Researchers at the University of Cambridge have found a way to produce plastic from plant proteins.
Mimicking spider silk, the plastic-like film has the distinct advantage of being compostable at home, meaning it doesn’t require industrial conditions to degrade. The energy-efficient production method of the plastic alternative uses durable materials, resulting in a self-supporting film that is inherently suitable for mass production. The customization of the polymer is further evidenced by the fact that color can be added to it, the material also being useful in the production of water resistant coatings.
As such, said material of plant origin can be used to replace single-use plastics in the packaging industry.
The convenience, high functionality, and consistently low price associated with plastic have made it virtually indispensable for manufacturing purposes. This, in turn, has exacerbated the waste crisis, with in 2019 more than 130 million metric tons of single-use plastics being thrown, burned, buried in landfills or dumped in the oceans. In 2018, 46% of the 340 million tonnes of plastic waste generated annually could be attributed to single-use plastics.
With the increase in food demand, especially in developing countries, plastic packaging waste is expected to become a major problem.
The alternative to eco-friendly plastic developed by researchers at Cambridge could help address these challenges.
Soy protein is an example of a renewable, biodegradable polymer that the research team used to make a new material that could compete with conventional plant plastics.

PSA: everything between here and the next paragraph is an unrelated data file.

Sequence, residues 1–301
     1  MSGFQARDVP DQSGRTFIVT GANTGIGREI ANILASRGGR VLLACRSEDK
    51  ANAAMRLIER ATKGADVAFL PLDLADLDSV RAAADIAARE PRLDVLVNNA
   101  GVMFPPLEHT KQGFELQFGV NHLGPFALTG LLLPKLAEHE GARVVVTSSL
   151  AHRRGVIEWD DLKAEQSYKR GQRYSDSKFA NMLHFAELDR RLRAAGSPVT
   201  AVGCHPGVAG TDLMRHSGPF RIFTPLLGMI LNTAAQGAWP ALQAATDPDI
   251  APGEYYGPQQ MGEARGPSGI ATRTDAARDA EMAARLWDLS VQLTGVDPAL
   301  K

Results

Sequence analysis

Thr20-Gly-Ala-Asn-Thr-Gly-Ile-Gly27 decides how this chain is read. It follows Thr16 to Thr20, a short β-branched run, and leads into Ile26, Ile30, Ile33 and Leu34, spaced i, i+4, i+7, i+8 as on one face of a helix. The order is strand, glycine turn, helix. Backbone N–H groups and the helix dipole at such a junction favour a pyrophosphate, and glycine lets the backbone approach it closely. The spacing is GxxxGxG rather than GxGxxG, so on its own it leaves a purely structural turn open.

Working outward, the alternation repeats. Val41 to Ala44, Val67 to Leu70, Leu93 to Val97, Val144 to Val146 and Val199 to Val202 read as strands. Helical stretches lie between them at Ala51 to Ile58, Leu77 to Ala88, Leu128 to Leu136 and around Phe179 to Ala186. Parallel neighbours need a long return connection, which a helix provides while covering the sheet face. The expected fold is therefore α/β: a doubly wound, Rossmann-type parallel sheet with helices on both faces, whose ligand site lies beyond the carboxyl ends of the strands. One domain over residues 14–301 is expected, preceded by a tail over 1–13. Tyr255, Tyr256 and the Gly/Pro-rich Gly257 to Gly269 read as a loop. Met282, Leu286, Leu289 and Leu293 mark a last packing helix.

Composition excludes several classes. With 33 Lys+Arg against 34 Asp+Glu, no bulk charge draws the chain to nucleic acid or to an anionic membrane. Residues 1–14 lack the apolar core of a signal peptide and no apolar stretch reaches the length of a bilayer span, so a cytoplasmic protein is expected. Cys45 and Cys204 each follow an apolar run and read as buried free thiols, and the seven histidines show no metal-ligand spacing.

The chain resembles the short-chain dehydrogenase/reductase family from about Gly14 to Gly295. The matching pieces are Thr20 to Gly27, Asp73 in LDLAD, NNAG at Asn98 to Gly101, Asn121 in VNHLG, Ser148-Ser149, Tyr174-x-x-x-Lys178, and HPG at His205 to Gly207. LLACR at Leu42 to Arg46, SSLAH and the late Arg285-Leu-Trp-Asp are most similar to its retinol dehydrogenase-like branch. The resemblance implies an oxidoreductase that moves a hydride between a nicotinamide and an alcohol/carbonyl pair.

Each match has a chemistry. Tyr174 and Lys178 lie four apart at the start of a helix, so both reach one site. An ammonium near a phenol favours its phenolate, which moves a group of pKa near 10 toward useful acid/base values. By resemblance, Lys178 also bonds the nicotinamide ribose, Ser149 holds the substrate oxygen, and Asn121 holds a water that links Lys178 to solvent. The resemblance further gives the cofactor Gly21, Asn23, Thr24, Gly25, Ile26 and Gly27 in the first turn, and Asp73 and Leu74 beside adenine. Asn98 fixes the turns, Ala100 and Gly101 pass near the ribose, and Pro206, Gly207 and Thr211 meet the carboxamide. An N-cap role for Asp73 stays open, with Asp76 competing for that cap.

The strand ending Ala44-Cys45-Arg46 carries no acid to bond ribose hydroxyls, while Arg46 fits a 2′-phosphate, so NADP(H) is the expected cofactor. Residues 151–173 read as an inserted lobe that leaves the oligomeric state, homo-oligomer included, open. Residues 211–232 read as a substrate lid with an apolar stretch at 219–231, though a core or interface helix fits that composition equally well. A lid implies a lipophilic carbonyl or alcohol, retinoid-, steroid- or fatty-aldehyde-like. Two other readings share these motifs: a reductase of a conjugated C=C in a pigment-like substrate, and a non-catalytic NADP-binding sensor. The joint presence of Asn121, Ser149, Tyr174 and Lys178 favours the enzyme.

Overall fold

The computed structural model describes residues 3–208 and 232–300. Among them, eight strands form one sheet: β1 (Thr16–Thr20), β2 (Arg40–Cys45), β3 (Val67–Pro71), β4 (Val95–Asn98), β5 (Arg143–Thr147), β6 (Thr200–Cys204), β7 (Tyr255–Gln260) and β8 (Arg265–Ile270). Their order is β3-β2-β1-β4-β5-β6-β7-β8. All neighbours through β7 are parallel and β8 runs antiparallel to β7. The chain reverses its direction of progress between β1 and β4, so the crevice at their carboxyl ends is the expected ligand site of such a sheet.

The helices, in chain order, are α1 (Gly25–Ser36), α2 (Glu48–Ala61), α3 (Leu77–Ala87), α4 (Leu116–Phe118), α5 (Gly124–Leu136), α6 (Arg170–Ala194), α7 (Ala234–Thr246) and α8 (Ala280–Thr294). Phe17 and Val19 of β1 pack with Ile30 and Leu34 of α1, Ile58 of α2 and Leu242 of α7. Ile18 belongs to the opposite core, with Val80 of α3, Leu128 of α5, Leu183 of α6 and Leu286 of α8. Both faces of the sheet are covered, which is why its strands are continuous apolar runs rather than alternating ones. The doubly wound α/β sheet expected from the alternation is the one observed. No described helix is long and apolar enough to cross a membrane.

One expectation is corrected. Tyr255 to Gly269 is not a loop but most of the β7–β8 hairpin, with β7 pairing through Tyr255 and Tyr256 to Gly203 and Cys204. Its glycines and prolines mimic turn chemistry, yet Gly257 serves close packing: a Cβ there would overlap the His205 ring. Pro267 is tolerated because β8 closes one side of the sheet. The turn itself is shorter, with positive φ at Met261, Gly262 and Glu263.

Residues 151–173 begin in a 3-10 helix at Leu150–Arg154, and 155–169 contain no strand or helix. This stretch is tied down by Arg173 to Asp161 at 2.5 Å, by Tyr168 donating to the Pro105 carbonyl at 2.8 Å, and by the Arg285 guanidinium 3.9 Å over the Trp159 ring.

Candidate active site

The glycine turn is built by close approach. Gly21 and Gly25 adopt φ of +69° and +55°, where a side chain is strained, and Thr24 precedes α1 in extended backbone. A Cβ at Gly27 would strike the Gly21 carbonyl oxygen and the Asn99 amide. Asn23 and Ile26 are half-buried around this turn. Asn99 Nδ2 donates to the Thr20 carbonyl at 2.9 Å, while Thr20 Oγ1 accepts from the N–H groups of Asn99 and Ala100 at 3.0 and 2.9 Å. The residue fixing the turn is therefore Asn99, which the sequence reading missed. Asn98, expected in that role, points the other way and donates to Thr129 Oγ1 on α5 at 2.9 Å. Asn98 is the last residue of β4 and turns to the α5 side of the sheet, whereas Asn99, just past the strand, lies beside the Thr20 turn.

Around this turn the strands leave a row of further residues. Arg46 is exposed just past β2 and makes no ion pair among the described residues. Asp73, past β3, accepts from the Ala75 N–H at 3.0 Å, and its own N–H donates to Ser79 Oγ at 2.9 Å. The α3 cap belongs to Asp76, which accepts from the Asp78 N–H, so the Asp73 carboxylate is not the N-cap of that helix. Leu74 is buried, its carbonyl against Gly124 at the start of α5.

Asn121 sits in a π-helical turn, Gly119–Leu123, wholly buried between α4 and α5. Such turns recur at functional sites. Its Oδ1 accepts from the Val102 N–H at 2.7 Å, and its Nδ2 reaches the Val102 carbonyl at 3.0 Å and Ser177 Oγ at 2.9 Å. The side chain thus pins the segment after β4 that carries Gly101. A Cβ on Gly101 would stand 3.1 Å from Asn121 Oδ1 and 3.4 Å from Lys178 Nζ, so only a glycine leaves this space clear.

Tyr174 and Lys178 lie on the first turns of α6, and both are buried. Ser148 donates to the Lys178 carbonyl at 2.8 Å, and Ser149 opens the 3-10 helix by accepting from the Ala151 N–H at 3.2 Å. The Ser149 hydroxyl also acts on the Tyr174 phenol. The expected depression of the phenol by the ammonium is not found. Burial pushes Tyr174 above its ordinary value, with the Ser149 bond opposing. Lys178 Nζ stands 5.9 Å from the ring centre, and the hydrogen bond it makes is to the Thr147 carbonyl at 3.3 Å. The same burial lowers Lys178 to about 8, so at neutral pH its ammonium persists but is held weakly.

After creating their own plant-based material, the scientists in question added nanoparticles to it. The addition enables the production of flexible films, with a material that resembles spider silk at the molecular level. Ergo, ‘vegan spider silk’.
After analyzing the film via different techniques such as scanning and transmission electron microscopy, scientists found that nanoparticles help improve barrier properties ranging from water permeability and durability to strength and stability. global.
This is remarkable as the food industry has encountered difficulties in phasing out conventional plastics due to specific packaging needs. Properties such as moisture sensitivity, high temperature stability, flexibility, and non-permeability to odors and microorganisms are just a few of them. This demand for various properties has led to hybrid packaging which in turn has foiled attempts at recycling.
Other biodegradable plastics of plant origin such as polylactic acid (PLA), polybutylene succinate (PBS), polycaprolactone) (PCL) and polyhydroxyalkanotes (PHA), which have a significantly lower ecological footprint, exist, but they have their own drawbacks. PLA, for example, is not compostable at home while PHAs come from expensive industrial processes that limit their potential for mass production.
The proposed vegan spider silk could potentially trump these alternatives to green plastic with its environmentally friendly production process, renewable source materials, and improved properties, all of which put it on a par with virgin plastics.